Zika virus (ZIKV) infection in pregnant women causes intrauterine growth restriction, spontaneous abortion, and microcephaly. Here, we describe two mouse models of placental and fetal disease associated with in utero transmission of ZIKV. Female mice lacking type I interferon signaling (Ifnar1−/−) crossed to wild-type (WT) males produced heterozygous fetuses resembling the immune status of human fetuses. Maternal inoculation at embryonic day 6.5 (E6.5) or E7.5 resulted in fetal demise that was associated with ZIKV infection of the placenta and fetal brain. We identified ZIKV within trophoblasts of the maternal and fetal placenta, consistent with a trans-placental infection route. Antibody blockade of Ifnar1 signaling in WT pregnant mice enhanced ZIKV trans-placental infection although it did not result in fetal death. These models will facilitate the study of ZIKV pathogenesis, in utero transmission, and testing of therapies and vaccines to prevent congenital malformations.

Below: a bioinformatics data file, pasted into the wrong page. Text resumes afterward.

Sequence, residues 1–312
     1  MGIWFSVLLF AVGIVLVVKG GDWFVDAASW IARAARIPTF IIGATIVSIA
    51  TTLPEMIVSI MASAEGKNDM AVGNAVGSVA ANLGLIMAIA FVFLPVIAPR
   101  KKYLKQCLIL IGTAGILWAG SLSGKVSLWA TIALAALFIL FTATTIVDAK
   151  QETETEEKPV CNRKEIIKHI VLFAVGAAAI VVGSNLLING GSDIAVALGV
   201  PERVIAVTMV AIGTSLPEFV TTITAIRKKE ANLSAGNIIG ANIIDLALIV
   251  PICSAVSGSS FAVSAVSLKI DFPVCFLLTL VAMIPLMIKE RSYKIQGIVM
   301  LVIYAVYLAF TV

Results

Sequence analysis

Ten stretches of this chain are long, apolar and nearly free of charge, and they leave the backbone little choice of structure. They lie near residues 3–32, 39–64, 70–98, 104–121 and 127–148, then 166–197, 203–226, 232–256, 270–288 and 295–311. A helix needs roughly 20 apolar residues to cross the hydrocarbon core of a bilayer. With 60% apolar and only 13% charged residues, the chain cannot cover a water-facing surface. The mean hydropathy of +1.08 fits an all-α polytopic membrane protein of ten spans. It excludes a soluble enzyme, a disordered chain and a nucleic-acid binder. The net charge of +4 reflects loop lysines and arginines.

•Establishment of an in utero transmission model of ZIKV infection
    •ZIKV infects placental cells and results in intrauterine growth restriction
    •ZIKV infection and injury of the fetal brain is observed
    •ZIKV infection of fetuses can occur by a trans-placental route